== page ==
As of Friday, the Atlanta Fed still anticipated 3.7% economic growth in Q3, but could that go lower if economic data keeps being so choppy? Perhaps. Over the last few weeks, there’s been a potpourri of strong earnings, weak gross domestic product (GDP), strong jobs growth, and a mixed retail sales picture. With all these ups and downs, it gets a bit difficult to figure out the true direction of the economy.
Oil has been pushing and pulling the overall market in both directions lately, with the supply-and-demand picture seemingly changing each day. Late last week, oil jumped above $44, and appears to have made a good comeback from below $40 earlier this month. The $40 mark remains a solid support level, with $46 marking an area of technical resistance. The options market shows some bullish bets on oil rising above $46 and again challenging $50, but the $40 to $50 level seems to be a well-established range. Oil’s correlation with stocks is now in the low-70’s from a percentage standpoint, down from the mid-90’s early this year. We’ll see if that becomes highly correlated again.
Where is resistance for the S&P 500 Index (SPX), which again posted new all-time highs last week? The index appeared to be having some difficulty breaking above the 2186 level as of late last week, but 2200 is an important psychological number.
Dollar Shredding: After Friday’s weak economic reports from the U.S. government, including a below-consensus retail sales figure for July and a falling Producer Price Index, the U.S. dollar edged lower vs. competing currencies. By midday Friday, the dollar index was down about 0.4% to 95.54, and earlier traded at its lowest level in more than a week. The yen and euro advanced, but the pound continued its recent poor performance that’s brought it to 30-year lows. The yen seemed to benefit from its position as a safe haven, analysts said, and remains sharply up from the multi-year lows it posted vs. the dollar late last year. Despite Friday’s losses, on the whole the greenback has continued to fare pretty well against other currencies, as it has for most of 2015 and 2016.
Brexit Concerns Fade But Election Worries Rise: Consumer sentiment inched upward in early August due to more favorable prospects for the overall economy, which offset a small pullback in personal finances, the University of Michigan said Friday in its preliminary sentiment report for August. The headline figure rose slightly to 90.4, up from 90.0 in July. Concerns about Brexit have faded, the University said in a press release Friday, but there are rising references to the outcome of the Presidential election as a source of concern about future economic prospects. “Overall, the data remains consistent with real personal consumption expenditures improving at an annual rate of 2.6% through mid 2017, with new and existing home sales also benefitting from low mortgage rates,” said University of Michigan chief economist Richard Curtin, quoted in the press release.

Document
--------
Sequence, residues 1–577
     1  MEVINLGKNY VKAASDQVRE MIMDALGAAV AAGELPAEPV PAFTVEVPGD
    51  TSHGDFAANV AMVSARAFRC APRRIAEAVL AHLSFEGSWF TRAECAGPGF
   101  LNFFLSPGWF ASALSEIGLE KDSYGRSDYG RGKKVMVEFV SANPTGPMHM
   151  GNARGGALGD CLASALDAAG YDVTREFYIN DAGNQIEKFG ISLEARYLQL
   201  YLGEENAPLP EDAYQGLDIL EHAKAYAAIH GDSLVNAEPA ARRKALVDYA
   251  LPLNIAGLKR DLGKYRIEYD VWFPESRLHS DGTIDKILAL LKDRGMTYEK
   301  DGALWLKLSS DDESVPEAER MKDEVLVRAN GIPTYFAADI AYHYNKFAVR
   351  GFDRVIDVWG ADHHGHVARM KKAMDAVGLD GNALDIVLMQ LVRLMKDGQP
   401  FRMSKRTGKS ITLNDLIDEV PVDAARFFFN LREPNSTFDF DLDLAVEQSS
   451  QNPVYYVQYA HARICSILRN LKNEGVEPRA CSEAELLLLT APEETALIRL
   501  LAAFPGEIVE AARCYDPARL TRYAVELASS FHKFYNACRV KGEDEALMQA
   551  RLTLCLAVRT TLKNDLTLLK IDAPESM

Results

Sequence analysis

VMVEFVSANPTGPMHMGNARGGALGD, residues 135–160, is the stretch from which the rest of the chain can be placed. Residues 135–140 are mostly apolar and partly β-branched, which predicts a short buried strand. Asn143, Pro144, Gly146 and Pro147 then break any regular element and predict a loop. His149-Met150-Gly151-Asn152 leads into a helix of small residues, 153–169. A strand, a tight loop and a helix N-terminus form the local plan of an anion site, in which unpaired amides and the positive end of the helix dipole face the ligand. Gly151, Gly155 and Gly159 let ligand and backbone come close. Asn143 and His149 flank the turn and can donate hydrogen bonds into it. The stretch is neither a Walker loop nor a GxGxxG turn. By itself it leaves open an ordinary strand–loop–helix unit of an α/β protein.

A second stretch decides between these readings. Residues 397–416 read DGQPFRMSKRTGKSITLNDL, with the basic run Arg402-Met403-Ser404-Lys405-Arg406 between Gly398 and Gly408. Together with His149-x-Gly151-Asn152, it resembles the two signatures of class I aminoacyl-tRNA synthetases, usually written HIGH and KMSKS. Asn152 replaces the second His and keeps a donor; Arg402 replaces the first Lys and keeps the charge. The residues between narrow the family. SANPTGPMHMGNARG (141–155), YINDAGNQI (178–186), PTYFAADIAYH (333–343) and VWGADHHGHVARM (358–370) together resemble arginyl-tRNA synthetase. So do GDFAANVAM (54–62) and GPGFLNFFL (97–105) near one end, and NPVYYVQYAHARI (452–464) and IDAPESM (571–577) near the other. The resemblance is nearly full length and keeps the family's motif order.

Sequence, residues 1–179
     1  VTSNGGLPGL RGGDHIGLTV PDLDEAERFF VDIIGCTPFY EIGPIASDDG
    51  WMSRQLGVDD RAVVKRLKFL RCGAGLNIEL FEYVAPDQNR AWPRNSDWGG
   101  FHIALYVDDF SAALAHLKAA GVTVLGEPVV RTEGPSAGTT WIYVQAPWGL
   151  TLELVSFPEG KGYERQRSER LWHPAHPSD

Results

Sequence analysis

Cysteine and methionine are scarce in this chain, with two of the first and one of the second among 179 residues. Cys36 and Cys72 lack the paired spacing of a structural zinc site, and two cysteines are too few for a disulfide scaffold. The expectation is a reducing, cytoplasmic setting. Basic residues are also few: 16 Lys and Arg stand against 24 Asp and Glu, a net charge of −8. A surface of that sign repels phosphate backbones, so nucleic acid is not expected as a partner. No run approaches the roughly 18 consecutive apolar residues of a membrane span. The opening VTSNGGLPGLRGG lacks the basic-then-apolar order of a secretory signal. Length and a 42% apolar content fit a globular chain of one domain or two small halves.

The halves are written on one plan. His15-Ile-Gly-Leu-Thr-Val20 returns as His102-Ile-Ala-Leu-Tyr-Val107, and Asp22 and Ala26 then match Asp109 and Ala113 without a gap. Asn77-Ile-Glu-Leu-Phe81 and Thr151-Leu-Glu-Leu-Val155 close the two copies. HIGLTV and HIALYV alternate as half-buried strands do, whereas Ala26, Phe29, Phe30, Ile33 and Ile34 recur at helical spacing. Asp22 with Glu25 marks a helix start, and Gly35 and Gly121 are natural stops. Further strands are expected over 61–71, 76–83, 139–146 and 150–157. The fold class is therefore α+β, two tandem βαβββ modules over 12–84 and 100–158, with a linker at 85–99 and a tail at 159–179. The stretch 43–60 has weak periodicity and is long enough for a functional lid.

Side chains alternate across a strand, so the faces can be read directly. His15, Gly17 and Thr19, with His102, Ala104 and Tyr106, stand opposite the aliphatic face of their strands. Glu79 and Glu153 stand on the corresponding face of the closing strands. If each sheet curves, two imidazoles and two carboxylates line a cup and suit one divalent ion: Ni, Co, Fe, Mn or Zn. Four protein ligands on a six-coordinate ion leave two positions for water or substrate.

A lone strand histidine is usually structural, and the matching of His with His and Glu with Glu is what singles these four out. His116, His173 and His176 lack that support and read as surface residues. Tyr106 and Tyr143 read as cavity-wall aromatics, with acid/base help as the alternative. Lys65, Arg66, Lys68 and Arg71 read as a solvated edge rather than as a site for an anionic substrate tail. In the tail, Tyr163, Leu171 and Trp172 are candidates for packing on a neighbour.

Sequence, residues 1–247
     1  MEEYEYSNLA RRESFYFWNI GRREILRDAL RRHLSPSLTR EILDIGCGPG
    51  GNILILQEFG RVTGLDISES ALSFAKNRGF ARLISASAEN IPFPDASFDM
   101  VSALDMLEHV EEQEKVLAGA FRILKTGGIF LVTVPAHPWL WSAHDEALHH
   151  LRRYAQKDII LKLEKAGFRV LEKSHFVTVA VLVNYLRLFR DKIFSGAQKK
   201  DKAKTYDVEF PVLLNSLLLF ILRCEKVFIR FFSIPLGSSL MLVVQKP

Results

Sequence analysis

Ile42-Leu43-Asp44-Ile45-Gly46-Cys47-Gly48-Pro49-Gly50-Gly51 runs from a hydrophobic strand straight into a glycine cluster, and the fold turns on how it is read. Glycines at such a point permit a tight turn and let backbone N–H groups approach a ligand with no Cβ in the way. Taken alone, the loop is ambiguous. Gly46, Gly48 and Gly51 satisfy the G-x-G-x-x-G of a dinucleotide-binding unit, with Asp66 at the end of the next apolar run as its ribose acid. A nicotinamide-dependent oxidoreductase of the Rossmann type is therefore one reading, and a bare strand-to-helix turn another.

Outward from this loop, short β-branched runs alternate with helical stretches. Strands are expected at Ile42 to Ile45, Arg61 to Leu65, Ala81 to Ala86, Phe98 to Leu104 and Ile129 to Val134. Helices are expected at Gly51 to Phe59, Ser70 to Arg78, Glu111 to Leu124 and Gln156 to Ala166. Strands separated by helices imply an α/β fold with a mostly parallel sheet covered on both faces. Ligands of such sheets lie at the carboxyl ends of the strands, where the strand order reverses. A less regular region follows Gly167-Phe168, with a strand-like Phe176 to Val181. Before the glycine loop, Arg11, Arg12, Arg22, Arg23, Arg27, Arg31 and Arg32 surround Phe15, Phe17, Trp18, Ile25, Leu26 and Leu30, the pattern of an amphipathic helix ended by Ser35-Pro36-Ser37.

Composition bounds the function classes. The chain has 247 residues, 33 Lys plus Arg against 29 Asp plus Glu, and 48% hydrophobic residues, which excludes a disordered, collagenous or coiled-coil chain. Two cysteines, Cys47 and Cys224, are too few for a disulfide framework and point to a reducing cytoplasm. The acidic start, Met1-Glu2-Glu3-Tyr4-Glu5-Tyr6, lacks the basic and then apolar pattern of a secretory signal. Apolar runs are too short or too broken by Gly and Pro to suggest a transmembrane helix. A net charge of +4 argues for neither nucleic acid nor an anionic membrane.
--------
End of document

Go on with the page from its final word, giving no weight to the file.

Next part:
Get Ready: Yellen Speech Not Far Off: Maybe Fed Chair Janet Yellen can make some sense out of all this summer’s up-and-down data. Yellen hasn’t given any major speeches about the economy since early June, but she’ll get a chance on Friday, Aug. 26, when she’s scheduled to speak at the Fed conference in Jackson Hole, Wyoming. What she’ll say is a mystery, but perhaps she’ll address employment, inflation, earnings, and what all that may bring to bear on Fed officials as they prepare to gather for their September meeting, which takes place Sept. 20-21. Certainly things look different than they did the last time Yellen spoke, back when the market was still reeling from the disappointing May jobs report, and Yellen expressed concern about what she called a “slowdown in job creation.” Since then, job creation has leaped ahead, with the June and July reports showing job growth speeding along. Can Yellen explain how robust job growth, accompanied by weak GDP, strong earnings, and flat retail sales, all fit together? It will be interesting to find out.